First off, congratulations on the new role! And if it’s your first time in channel management, welcome to an exciting industry. With a little planning and legwork, you should be able to transition into your new role in no time. Having a game plan for your first 90 days not only sets you up to flourish, it ensures that your channel is optimized for success.
Your first 90 days will establish the foundation for things to come. First impressions go a long way—so here are some tips so you can make quick wins in the first few months on the job.
Observe and Evaluate
If you can’t measure your partner program, it’s nearly impossible to improve it. However, every channel program is different—and your first steps will depend on how developed the program is upon your hire. Take a good look at your current program. Is it brand new or is it well established? Is it healthy or does it need some improvement?
To determine the state of your partner program, consider the following components.
Training: Training should be designed sopartners know exactly how to position your product. To evaluate your team’s training program, look for a correlation between learning and earning. Is your partner journey well defined? Is there a clear progression from recruitment to onboarding to training? Is there a link between your training offerings and your partners’ success?
Incentives: In addition to training, the best partner programs include certificates and gamification to track success and incentivize partners. To track the true health of your partner program, you should be able to see a long-term effect of your incentives.
What do channel managers need to pay the most attention to in their first few months? The following five KPIs are some of the most important to track and can provide you a full picture of whether a channel program is on the right path to success.
Active Pipeline Value: The revenue generated not just by your partners, but the players they’re leveraging to move value up the chain. Understanding your active players helps illustrate your program’s worth against your investment.
Opportunities per Partner: Use thespecific capabilities and opportunities of partners to help allocate and direct your resources accordingly. Analyze your partners’ companies and their existing clients.
Number of Engaged Partners: A partner program can’t be successful if partners are not engaged. It’s your job to make content and resources easily accessible to your partners at all times from a centralized place. Not only should you be aware of how many partners are actually engaging with your company and channel sales content, but you should also have insight into what specific content your partners are leveraging. That way you can create similar content to help your partners sell more instead of wasting time on content that no one is going to use.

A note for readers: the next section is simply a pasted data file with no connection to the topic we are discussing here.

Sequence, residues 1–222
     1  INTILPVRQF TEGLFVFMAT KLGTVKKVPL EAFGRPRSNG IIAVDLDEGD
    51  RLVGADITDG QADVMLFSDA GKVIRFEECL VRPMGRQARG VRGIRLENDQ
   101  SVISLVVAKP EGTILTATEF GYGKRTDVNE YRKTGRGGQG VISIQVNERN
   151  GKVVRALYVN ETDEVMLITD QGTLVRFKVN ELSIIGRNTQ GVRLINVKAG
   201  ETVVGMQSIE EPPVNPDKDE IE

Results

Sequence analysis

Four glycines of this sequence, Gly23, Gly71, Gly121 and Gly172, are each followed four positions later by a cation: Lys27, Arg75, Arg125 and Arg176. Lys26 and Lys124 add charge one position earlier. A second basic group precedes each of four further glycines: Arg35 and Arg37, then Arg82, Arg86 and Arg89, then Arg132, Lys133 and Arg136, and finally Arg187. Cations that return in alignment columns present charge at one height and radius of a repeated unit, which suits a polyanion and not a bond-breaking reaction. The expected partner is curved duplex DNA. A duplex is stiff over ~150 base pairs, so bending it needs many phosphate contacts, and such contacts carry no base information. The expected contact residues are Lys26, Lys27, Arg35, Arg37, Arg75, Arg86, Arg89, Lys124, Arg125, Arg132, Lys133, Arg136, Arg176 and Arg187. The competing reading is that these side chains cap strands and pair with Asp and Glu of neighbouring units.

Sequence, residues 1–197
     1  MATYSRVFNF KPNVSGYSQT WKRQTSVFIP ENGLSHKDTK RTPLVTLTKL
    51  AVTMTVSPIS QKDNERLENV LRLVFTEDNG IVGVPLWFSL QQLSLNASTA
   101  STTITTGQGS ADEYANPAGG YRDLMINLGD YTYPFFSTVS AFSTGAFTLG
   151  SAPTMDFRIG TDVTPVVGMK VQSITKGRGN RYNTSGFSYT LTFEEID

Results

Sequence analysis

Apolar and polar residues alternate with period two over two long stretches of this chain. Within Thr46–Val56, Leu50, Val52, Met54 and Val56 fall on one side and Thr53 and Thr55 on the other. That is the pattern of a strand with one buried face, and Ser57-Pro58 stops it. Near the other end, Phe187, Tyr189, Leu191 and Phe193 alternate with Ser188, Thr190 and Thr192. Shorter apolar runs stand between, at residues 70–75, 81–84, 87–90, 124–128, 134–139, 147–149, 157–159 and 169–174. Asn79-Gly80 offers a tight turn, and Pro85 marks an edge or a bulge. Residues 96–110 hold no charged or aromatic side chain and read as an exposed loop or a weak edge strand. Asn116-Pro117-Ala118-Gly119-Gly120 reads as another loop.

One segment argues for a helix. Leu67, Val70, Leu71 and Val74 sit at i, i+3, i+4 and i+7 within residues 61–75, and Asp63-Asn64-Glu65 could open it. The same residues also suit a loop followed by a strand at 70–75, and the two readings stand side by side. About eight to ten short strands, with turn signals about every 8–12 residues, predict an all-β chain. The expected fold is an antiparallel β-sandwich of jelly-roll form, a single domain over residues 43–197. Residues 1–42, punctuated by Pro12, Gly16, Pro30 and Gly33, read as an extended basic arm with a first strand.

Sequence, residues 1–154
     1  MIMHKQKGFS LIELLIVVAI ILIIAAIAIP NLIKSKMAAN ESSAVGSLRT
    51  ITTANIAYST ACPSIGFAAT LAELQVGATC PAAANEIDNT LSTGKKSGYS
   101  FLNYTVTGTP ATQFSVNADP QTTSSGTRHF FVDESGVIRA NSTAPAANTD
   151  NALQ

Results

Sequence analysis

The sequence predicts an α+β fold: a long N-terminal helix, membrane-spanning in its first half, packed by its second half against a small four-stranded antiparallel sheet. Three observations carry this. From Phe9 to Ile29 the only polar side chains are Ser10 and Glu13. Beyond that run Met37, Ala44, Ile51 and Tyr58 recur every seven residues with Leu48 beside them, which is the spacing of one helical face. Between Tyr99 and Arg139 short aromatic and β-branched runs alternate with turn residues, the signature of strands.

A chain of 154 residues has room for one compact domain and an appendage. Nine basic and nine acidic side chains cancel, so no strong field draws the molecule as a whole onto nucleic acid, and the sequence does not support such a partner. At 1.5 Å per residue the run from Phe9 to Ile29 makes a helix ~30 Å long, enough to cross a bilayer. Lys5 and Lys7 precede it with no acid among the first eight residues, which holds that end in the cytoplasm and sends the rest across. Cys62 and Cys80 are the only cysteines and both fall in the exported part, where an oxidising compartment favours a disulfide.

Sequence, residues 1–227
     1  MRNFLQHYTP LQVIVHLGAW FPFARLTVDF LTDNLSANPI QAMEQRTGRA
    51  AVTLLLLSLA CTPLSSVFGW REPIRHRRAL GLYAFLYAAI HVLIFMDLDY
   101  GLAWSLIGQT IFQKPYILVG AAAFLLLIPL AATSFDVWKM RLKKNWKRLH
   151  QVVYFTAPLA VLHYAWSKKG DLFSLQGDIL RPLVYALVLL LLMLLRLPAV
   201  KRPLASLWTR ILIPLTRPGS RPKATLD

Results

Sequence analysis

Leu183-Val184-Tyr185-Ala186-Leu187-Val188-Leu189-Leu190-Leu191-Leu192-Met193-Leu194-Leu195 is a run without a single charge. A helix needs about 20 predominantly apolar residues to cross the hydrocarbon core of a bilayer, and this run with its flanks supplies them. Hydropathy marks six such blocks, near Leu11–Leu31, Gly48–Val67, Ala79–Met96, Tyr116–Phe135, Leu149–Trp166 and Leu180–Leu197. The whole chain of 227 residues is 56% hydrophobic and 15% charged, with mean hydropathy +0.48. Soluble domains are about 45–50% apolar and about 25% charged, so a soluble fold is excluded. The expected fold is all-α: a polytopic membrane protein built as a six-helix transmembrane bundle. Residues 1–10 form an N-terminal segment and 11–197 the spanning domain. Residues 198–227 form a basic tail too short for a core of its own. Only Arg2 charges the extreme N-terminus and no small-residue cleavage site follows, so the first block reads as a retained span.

Average Deal Size: Even in the world ofsubscription-based selling, deal size is essential. This metric outlines the terms of a deal, the number of machines your solution is being installed on, and the number and type of licenses—which ultimately provides an idea of revenue.
Percent of Content Engaged: This metric determines whether partners are using your content, but also if partners are taking the time to understand your brand. It can also show you how to improve partnerships by incentivizing partners to utilize content, as well as how to better tell a story and meet the needs of your partners and their customers.
Identify Top-Performing Partners
Reviewing KPIs is also an ideal time to analyze the impacts of your partners. Through data collection and other methods, it’s possible to identify the best partners. In addition to identifying opportunities per partner and partner engagement, here are some signs that a partner is worth holding onto:
Their expertise aligns with what your customers need.
They have demonstrated strong financial performance.
They leverage social media and share your content.
Unless your partner program is perfect upon hire, tweaking your channel management strategy is not only a completely normal procedure—it’s a surefire way to modernize your program to meet any market shifts. Not only is it important to recruit and retain the best partners, it’s essential to create a best-in-class experience that emphasizes their needs and goals.
Looking to bolster your partner program? Consider implementing a partner portal.
As a new channel manager, you’ve inherited your partner program—for good or bad. If you’re in need of a refresh, or are simply looking to optimize your results, sales acceleration tools may be exactly what you’re looking for.
Next generation partner relationship management tools (PRMs) enable partners—and management—to succeed. This technology boosts communication and alignment out of the gate. It enables your team to make the most of content to drive your sales cycles. It turns data into insights, improves business intelligence, and drives partner engagement. Finally, it enables you to collaborate with channel reps and keep them motivated, all while accelerating the sales cycle.
For new managers, sales enablement encourages faster time to value and time to market. How’s that for helping you during your first 90 days?